Clearly, there is a massive rift in communication between the administration and the student body on this topic. Not only is this evident in the dearth of information which was available to students and the widespread lack of any cohesive communication about the extensive changes to campus dining, but also in the two extremely different accounts of how these changes were envisioned, enacted, and communicated to the student body. In such a situation devoid of information grows rumor, as it always has—the Greeks mythologized this phenomenon with the goddess Ossa (literally “Rumor”). As a student, this divide disheartens me: such a rift and lack of transparency strikes at the heart of the campus community. I dearly hope that, moving forward, there will be better lines of communication opened between the administration and the student body.
JIMMY BURT ’16
It’s a gorgeous day. The sun is shining, the birds are chirping, and the sundresses are out in full force. You’re about to walk by a friend, or maybe a cute girl, looking for a handshake or maybe you’ll toss in a playful line hoping to make her laugh. Little do you know, you’re about to get the 21st century version of the stiff arm: head down and eyes buried in his or her phone, completely oblivious to the world. You wonder what could be so important or urgent for a 20-year old to be staring into a screen on a beautiful spring day. Oh, but of course, the reasons are vast and justified. Maybe somebody “liked” their Instagram photo, or maybe a friend fired off a funny Snapchat, or maybe the person was simply texting their mom or dad.
Regardless of the reasons for “head-down syndrome,” the name I’ve given this problem, it is fairly embarrassing, annoying and somewhat insulting. Sometimes I imagine a person with severe “head-down syndrome” in an NHL game getting absolutely demolished by the likes of Niklas Kronwall or a Scott Stevens reincarnation. Now, that would surely keep a person’s phone in their pocket for the duration of their five-minute walk to class. Unfortunately, this is not how the world works, but there is a simple solution to this epidemic. The solution consists of no bone-shattering hits, physical pain, or mental anguish. Instead, it’s as simple as taking ten seconds to think about what you’re doing. You’re a human at Trinity College, not iPhone University for the Antisocial. Communicate with your fellow Bantams, even if it’s just looking at people you don’t know. Learn how to approach people and learn how to be approached by others. You’re not going to figure out much about life, nor will you learn much about yourself if you live with your head immersed in a phone.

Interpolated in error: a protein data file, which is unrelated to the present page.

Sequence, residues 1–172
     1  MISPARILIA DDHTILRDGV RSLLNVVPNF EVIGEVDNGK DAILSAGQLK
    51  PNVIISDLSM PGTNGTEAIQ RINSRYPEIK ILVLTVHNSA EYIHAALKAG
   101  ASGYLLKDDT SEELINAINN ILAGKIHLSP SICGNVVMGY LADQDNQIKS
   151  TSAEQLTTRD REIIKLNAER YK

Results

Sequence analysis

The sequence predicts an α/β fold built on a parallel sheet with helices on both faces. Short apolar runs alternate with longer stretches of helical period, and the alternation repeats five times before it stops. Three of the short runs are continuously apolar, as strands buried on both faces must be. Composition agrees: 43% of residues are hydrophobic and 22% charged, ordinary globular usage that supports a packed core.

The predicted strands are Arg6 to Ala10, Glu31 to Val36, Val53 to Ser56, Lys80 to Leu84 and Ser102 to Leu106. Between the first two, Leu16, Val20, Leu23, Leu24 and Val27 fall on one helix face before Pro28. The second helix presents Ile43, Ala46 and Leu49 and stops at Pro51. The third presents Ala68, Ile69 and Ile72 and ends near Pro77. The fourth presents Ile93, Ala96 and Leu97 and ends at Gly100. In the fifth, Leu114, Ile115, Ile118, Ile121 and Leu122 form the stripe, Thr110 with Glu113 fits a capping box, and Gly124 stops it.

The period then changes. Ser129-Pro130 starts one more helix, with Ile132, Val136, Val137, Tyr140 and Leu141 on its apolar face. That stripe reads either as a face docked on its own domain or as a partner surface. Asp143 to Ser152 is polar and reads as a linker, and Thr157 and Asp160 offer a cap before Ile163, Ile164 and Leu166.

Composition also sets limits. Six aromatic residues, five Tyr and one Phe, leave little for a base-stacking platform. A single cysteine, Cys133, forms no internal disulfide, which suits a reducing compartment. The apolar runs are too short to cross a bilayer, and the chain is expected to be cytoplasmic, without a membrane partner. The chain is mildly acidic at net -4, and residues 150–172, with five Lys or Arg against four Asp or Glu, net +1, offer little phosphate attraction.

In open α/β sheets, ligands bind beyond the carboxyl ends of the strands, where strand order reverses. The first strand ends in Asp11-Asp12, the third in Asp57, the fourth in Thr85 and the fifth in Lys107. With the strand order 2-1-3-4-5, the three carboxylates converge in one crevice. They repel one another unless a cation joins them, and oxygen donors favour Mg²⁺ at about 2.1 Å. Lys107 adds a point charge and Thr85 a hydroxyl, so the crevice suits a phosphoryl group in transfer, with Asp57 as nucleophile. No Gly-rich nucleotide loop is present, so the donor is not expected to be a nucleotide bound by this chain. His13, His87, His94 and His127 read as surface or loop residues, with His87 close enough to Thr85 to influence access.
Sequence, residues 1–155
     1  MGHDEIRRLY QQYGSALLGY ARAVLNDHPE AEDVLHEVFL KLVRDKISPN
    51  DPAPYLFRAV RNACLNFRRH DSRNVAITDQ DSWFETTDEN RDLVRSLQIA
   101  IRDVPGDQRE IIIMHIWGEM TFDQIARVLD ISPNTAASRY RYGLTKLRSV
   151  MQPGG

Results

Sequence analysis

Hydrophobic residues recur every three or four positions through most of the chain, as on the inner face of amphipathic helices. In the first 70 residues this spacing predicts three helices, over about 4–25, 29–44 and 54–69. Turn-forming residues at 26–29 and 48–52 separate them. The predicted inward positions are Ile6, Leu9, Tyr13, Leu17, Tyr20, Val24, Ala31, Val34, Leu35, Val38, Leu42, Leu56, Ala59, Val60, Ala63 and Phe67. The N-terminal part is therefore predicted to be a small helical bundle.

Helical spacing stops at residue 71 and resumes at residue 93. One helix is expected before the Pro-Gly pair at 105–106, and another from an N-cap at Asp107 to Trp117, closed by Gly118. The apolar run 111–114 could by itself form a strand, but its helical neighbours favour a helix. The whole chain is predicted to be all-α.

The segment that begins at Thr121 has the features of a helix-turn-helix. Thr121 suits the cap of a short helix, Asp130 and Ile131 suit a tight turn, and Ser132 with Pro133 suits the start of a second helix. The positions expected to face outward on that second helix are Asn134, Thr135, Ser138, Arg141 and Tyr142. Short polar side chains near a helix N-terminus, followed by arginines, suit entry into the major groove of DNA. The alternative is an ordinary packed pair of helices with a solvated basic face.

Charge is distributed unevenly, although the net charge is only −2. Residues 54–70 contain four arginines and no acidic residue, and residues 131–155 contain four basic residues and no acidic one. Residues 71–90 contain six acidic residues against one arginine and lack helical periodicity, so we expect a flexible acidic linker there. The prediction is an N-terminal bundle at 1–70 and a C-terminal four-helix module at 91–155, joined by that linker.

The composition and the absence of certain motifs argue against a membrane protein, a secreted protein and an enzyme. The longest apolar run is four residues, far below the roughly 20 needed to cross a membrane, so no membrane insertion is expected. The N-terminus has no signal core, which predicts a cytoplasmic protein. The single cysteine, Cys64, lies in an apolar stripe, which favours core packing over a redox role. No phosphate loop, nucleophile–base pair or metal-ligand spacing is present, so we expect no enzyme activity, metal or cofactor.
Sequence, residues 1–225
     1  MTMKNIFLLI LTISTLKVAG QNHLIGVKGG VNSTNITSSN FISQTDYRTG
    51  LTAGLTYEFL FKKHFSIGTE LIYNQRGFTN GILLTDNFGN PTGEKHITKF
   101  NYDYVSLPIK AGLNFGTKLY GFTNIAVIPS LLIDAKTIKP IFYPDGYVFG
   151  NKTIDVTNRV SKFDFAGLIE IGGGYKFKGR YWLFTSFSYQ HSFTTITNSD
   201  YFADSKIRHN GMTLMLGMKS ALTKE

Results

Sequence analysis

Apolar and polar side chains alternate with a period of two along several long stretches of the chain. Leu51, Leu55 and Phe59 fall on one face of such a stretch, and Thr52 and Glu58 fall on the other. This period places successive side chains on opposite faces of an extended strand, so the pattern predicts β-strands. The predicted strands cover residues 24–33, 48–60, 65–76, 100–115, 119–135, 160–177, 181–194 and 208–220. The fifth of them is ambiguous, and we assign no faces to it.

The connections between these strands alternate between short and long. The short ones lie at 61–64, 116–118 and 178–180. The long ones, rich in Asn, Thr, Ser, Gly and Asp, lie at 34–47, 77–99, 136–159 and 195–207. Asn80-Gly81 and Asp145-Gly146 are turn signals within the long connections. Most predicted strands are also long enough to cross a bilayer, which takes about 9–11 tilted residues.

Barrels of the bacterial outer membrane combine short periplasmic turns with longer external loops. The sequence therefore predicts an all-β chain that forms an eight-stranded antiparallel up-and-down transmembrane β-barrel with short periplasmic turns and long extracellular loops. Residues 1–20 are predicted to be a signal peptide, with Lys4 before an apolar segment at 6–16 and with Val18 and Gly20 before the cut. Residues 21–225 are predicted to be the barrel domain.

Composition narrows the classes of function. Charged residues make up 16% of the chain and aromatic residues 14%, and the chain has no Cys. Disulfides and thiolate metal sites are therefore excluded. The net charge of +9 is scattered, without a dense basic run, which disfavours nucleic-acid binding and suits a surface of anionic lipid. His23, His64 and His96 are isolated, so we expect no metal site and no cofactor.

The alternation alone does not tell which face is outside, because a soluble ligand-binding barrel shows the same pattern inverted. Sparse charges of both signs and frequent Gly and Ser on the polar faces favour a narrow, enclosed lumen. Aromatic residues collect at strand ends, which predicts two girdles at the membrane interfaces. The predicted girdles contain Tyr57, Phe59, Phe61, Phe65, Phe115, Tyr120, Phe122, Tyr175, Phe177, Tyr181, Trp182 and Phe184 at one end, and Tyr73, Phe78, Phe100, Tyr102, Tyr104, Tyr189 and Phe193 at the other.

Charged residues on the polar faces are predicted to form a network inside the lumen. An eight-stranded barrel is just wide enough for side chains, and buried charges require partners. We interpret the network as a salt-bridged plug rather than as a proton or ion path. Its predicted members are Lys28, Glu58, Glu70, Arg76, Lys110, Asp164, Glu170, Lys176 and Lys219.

On a daily basis, the only time I feel disappointed is when I see twenty people with their heads down on the Lower Long Walk heading off to class. I even get mad at myself when I find my hand subconsciously reaching for my phone while walking around campus. Usually, I call myself a joke and immediately stick that piece of garbage right back into my pocket. See, I am no exception to this problem, although I’d wager that I’d catch you with your head down before you can spot me zeroed in on my phone.
Throughout human evolution, we as a species have gradually distanced ourselves further and further from each other and from our initial purposes. Hunting and gathering has been traded in for a Sunday at Stop & Shop, walking has turned into driving, and communication has gone from person-to-person to keypad-to-keypad. Although I harbor no ill feelings towards people who suffer from “head-down syndrome”, I genuinely hope those reading this will think about this subject matter and encourage a few more people to pick up their heads. Live life with the people you are surrounded by at any given moment, and if you’re quietly walking by yourself, try thinking just for the sake of thinking instead of hiding from others with your head down. Pick up your heads, jokes.
STEPHEN CHASE ’14
Having taken three of Professor Rebecca Beebe’s courses, I have been an avid supporter of the group of students who, for the past four months, have been working to keep Dr. Rebecca Beebe at Trinity College.
These students, ranging from senior anthropology majors to newly matriculated first-year students, continue their passionate campaign despite several obstacles. I have been a strong supporter of these students’ efforts to ensure that Professor Beebe, an adjunct anthropology professor whose classes are among the most popular at Trinity, will return to teach in the fall.
It all started when Annie Arnzen ’14, an anthropology major, discovered that Professor Rebecca Beebe would not return to teach in the fall of 2014. Despite the fact that the absence of Professor Beebe in the classroom bears no direct effect on Annie, who will soon graduate, knowing that Beebe would not continue in such a capacity inspired her to see what could be done to retain a professor who Arnzen, and many others, hold in high regard.
I never recognized the impact this adjunct professor had on my college experience until I engaged Annie Arnzen in a conversation about Rebecca Beebe. Talking with her about Professor Beebe often, Annie recounted the way Professor Beebe learned the name of each student in her classes—something I now recognize as a simple expression of her passion for teaching.